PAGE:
Your mouth is a complicated place, full of teeth, your tongue, active bacteria and your gums – all play a vital roll all need to be properly cared for and controlled. As we know, so many things can go wrong inside your mouth without proper oral care. But sometimes when you go to the dentist, you may hear terms you’re not quit familiar with – or maybe you are too shy to ask. We’ve compiled a list of terms you could possibly hear during your visit so you can feel comfortable knowing you understand whats going on with your oral health.
Teeth conditions or terms you may hear at the dentist:
- Cavities (or caries): Bacteria evade removal by brushing and saliva and damage the enamel and deeper structures of teeth. Most cavities occur on molars and premolars.
- Tooth decay: A general name for disease of the teeth, including cavities and caries.
- Periodontitis: Inflammation of the deeper structures of the teeth (periodontal ligament, jawbone, and cementum). Poor oral hygiene is usually to blame.
- Gingivitis: Inflammation of the surface portion of the gums, around and between the crowns of the teeth. Plaque and tartar buildup can lead to gingivitis.
- Plaque: A sticky, colorless film made of bacteria and the substances they secrete. Plaque develops quickly on teeth after eating sugary food, but can be easily brushed off.
- Tartar: If plaque is not removed, it mixes with minerals to become tartar, a harder substance. Tartar requires professional cleaning for removal.
- Overbite: The upper teeth protrude significantly over the lower teeth.
- Underbite: The lower teeth protrude significantly past the upper teeth.
- Teeth grinding (bruxism): Stress, anxiety, or sleep disorders can cause teeth grinding, usually during sleep. A dull headache or sore jaw are symptoms.
- Tooth sensitivity: When one or more teeth become sensitive to hot or cold, it may mean the dentin is exposed(Source: webmd.com).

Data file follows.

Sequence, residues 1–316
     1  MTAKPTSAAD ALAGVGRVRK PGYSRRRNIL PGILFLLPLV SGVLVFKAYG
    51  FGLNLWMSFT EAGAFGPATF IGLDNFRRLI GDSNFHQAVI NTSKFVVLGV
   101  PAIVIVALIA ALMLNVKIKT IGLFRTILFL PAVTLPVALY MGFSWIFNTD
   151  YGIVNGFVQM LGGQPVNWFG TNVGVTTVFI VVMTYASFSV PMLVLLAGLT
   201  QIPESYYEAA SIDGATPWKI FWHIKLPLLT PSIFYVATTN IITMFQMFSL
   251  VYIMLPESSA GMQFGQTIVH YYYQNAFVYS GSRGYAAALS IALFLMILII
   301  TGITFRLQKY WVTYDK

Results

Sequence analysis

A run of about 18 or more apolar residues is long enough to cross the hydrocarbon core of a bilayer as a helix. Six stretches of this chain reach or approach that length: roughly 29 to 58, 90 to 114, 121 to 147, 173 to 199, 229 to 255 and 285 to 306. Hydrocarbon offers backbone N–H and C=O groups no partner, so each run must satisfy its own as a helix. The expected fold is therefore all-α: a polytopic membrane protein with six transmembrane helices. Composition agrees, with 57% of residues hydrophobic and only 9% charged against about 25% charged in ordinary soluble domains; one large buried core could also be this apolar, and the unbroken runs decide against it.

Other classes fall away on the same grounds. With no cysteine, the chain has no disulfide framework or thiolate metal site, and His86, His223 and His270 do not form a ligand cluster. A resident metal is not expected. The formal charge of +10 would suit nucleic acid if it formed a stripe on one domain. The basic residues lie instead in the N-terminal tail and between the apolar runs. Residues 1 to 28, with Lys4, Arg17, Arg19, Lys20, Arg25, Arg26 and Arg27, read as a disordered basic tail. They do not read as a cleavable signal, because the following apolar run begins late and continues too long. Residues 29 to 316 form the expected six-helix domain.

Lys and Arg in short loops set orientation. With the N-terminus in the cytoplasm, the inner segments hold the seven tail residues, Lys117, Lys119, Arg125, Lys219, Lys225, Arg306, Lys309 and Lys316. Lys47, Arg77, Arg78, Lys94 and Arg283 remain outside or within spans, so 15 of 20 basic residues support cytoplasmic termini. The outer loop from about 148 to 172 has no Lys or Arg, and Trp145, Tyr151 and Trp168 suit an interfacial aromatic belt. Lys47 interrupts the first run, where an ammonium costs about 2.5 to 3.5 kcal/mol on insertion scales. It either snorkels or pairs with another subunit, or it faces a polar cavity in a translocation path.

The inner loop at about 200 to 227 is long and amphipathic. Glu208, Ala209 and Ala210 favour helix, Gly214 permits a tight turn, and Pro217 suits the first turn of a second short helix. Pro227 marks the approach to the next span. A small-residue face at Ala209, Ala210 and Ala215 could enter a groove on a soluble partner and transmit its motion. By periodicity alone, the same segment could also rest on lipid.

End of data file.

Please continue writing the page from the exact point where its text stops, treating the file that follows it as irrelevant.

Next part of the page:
- Root Canal: A dentist can save a damaged tooth by performing a root canal, which removes decayed pulp from interior space of the root. The space is then filled with an inert material. A root canal is sometimes but not always followed by the adding of a crown.
- Crown: Tooth crowns are placed over existing teeth, and are typically a way to cover teeth that have metal fillings or misshapen teeth. They are most commonly given to patients who have crooked, broken, cracked, or chipped teeth.
- Denture: Dentures are removable (partial or complete) set of artificial teeth.
- Dental Implant: A dental implant is a metal cylinder surgically placed in the bone of the upper or lower jaw to provide support for a dental restoration or appliance.
- Bridge: Bridges resemble natural teeth, and are designed to take the place of areas where there are gaps between teeth. bridge is a stationary dental prosthesis (appliance) fixed to teeth adjacent to a space. It replaces one or more missing teeth, cemented or bonded, to supporting teeth or implants adjacent to the space.
A more extensive list of terms can be found at the ADA’s website at: http://www.ada.org/en/publications/cdt/glossary-of-dental-clinical-and-administrative-ter
While we encourage you to never be shy ask your dental professional to elaborate on what they’re speaking about – Dr. Yankowskas is happy to guide you!
For more information on your oral health, contact Dr. James Yankowskas and make an appointmentat (978) 649-7773 or visit our website.
Dr. James Yankowskas also proudly serves Lowell, Nashua, Dracut, Chelmsford, Dunstable, and surrounding areas.